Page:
Pet food and human food research on the microbiome – the collection of gut bacteria unique to each person, dog, cat or other animal – has been exploding in recent years. Actually, each living organism and environment has an overall microbiome; it’s not just confined to the gastrointestinal (GI) system. But much of the research happening now focuses on the gut microbiome and its surprising link to a host of conditions and diseases, not to mention its impact on nutrition.

Researchers are now looking at the gut as a separate organ that contributes as much to the body and its health as does the heart, brain and other key organs, said Karl Dawson, Ph.D., vice president and chief scientific officer for Alltech. “Anything you do to influence this has huge implications for the health of the animal or person,” he commented during One 2018: the Alltech Ideas Conference.

Recent microbiome research in human and pet nutrition

For instance, researchers with the Department of Computer Science and Engineering and the BioTechnology Institute at the University of Minnesota recently published a study showing that human foods with the same or similar nutrient levels can have very different effects on people’s microbiomes, reported NutritionInsight.com. As an example, despite similar nutritional profiles, leafy greens can affect the gut much differently than do carrots.

“Nutrition labels are human-centric,” said senior author Dan Knights. “They don’t provide much information about how the microbiome is going to change from day to day or person to person.”

In pets, researchers are studying areas such as the differences in the microbiomes of dogs versus cats and the effect of dietary fiber and high-meat diets on the microbial profile of fecal bacteria in dogs and cats. These have implications for the animals’ nutrition and overall health: In one study, dogs with irritable bowel syndrome (IBD) were shown to have higher concentrations of certain protozoa, Dawson said.

Other research conducted at Massey University in New Zealand has demonstrated links between gut microbiota and obesity, acute GI infections, diarrhea, allergic and infectious diseases and, again, IBD. With conditions like obesity and IBD, there is also a tie to the gut-brain axis in the dog’s or cat’s body, said Emma Bermingham, Ph.D., senior scientist with AgResearch and part of the Massey research team.

Taking pet microbiome research to a new level

A new and fast-growing trend in pet food is the rise of customized, subscription-based diets. One company with that business model, NomNomNow, is using its comprehensive, constant contact with its customers to fuel research on the microbiome. Two company’s executives, Ryan Honaker, Ph.D., director of microbiology, and Justin Shmalberg, DVM, DACVN, chief nutrition officer, described their research, some current findings and future studies during Petfood Forum Europe, June 13 in Cologne, Germany. (Shmalberg delivered his share of the presentation via video.)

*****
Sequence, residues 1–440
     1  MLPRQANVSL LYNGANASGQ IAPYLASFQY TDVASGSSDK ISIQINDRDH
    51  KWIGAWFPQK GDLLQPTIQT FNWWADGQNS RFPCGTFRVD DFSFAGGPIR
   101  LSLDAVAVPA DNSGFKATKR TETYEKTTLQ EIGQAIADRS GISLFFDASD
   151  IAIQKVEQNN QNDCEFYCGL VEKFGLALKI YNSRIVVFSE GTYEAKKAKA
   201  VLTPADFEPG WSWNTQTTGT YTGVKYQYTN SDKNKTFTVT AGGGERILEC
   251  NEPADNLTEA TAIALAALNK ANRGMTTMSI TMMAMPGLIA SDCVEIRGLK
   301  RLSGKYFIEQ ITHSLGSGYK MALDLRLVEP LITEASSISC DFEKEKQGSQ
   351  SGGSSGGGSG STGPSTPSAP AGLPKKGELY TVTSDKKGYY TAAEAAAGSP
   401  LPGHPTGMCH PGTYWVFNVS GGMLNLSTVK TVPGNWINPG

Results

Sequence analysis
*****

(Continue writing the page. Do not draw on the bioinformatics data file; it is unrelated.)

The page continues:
As part of its ongoing communication with its customer base, NomNomNow established a group to do microbiome profiling of the owners’ pets. These owners supply even more detailed information about their pets’ health, diet and eating habits than other NomNomNow customers do – answering 115 questions in five categories – plus they receive a kit to collect non-invasive samples from their pets. Then the owners receive a pet health assessment report and periodic microbiome reports generated by the company.

The data collected and resulting analysis is providing numerous insights to the company and its customers, Honaker said, and could also create opportunity for the entire pet food industry. For example, this rich source of data has inspired him and his team to move toward scientific publication of some of the results. “As the science advances, the results mean more and become increasingly actionable,” he said.

NomNomNow also uses the data and analysis for product development and cross-selling products, funneling the participants into their pet food subscription program and engaging with customers in a novel way. For its participating customers, they get a comparison of their pets’ GI health and monitoring of their microbiomes over time, an understanding of the relationship of the microbiome to underlying conditions and customized products, and a sense of contributing to citizen science.

Insights and applications for pet food industry

To date, NomNomNow’s efforts have uncovered data and insights in areas such as:

  • States with the highest rates of pet obesity, and related to that, one of the company’s key features is portion control of all customers’ pets’ food;
  • A dog’s size and the relationship between periodontal disease and arthritis, which is supported by literature, Honaker said);
  • Interesting differences between dogs and cats in terms of intestinal disease and other conditions. For example, dogs have many more intestinal “bugs” than cats do;
  • Dogs with allergies, which are lacking a lot of gut bacteria that “healthy” dogs have.

The lessons NomNomNow has learned to date can definitely apply to other pet food companies. A direct-to-consumer sales platform is invaluable in knowing your customers and their pets, and offers a unique, inexpensive way to collect data that can benefit all, Honaker said.

This is important because new methods for assessing nutritional performance are essential, and aside from very large pet food companies, most can’t afford to do their own research. Until now, perhaps. “Big data and meaningful science doesn’t have to mean big budgets,” Honaker said.

LinkedIn

Facebook

Twitter

dphillips@wattglobal.com